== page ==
Labeo

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This article is about the fish genus. For other uses, see Labeo (disambiguation).
Labeo
LabeoCalbasuDay.jpg
orangefin labeo (Labeo calbasu)
Scientific classification
Kingdom: Animalia
Phylum: Chordata
Superclass: Osteichthyes
Class: Actinopterygii
Subclass: Neopterygii
Infraclass: Teleostei
Superorder: Ostariophysi
Order: Cypriniformes
Superfamily: Cyprinioidea
Family: Cyprinidae
Subfamily: Labeoninae (disputed)
Tribe: Labeonini (but see text)
Genus: Labeo
Cuvier, 1816
Species

See text

Labeo is a genus of carps in the family Cyprinidae. They are found mainly in the Old World tropics.

It contains the typical labeos in the subfamily Labeoninae, which may not be a valid group, however, and is often included in the Cyprininae as tribe Labeonini. If the Labeoninae are accepted as distinct, Labeonini is the name of the tribe in this subfamily to which the labeos belong. If the Labeonini are considered a tribe of the Cyprininae, the labeos are placed in subtribe Labeoina.

The labeos appear fairly similar to the "freshwater sharks" of the genus Epalzeorhynchos, which is also part of the Labeoninae (or Labeonini), but is not very closely related. Labeos are larger, and have a more spindle-shaped body, as they are mostly free-swimming rather than benthic like Epalzeorhynchos. Their mouths look very different, too; they have a pronounced rostral cap, which covers the upper lip except when feeding. The lips are expanded into thick, sausage-shaped pads which have keratinized edges. Thus, their mouth parts are moderately apomorphic; not as little-developed as in barbs or in Epalzeorhynchos, but neither as extensive as in, for example, Garra or Ptychidio.[1] The genus name Labeo is Latin for "one who has large lips".[2]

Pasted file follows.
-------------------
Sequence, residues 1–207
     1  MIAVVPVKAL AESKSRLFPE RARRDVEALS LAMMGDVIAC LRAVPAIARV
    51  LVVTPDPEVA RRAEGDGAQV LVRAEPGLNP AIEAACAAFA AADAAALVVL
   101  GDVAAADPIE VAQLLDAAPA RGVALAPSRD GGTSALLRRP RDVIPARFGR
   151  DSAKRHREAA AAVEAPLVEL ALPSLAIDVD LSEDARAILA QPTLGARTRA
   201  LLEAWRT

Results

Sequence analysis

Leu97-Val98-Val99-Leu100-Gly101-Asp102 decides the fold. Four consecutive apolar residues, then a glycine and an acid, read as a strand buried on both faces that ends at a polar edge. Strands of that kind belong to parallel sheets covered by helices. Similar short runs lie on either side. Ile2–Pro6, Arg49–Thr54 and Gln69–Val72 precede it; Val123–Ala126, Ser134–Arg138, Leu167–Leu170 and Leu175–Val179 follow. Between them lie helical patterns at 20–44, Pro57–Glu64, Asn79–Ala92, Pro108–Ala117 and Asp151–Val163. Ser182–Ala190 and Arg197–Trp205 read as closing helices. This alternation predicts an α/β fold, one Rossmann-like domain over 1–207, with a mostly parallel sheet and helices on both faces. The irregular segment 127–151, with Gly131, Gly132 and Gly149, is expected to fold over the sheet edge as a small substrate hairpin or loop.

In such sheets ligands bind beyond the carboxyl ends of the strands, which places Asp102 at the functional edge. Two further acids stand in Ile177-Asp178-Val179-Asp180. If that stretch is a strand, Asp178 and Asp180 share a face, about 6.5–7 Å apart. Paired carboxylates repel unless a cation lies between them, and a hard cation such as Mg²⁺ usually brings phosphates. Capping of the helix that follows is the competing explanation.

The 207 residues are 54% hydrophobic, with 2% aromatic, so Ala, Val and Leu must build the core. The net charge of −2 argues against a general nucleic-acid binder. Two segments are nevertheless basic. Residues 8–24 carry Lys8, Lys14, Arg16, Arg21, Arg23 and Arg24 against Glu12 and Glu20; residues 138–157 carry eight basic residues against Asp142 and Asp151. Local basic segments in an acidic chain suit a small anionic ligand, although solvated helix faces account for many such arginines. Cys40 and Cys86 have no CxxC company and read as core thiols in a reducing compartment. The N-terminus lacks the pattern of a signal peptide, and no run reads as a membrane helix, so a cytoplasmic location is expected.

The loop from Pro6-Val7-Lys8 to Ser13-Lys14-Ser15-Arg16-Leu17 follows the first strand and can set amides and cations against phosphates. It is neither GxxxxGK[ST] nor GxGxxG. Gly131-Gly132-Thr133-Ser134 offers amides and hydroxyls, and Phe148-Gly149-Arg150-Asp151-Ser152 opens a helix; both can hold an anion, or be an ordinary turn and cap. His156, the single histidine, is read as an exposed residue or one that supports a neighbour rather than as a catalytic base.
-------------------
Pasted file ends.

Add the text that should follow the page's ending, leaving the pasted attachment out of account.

Labeos have the two barbels on the rostrum which are common among the Cyprinidae, and also another pair of barbels at the rear edges of the lower maxilla, which has been lost in some of their relatives. They have a well-developed vomeropalatine organ. In the Weberian apparatus, the posterior supraneural bone is elongated and contacts the skull at the forward end.[1]

Species[edit]

There are currently 103 recognized species in this genus:[3]

References[edit]

  1. ^ a b Stiassny, M. L. and A. Getahun. (2007). An overview of labeonin relationships and the phylogenetic placement of the Afro-Asian genus Garra Hamilton, 1922 (Teleostei: Cyprinidae), with the description of five new species of Garra from Ethiopia, and a key to all African species. Zoological Journal of the Linnean Society 150(1), 41-83.
  2. ^ Froese, R. and D. Pauly. (Eds.) Labeo alluaudi. FishBase. 2011.
  3. ^ Froese, Rainer, and Daniel Pauly, eds. (2012). Species of Labeo in FishBase. December 2012 version.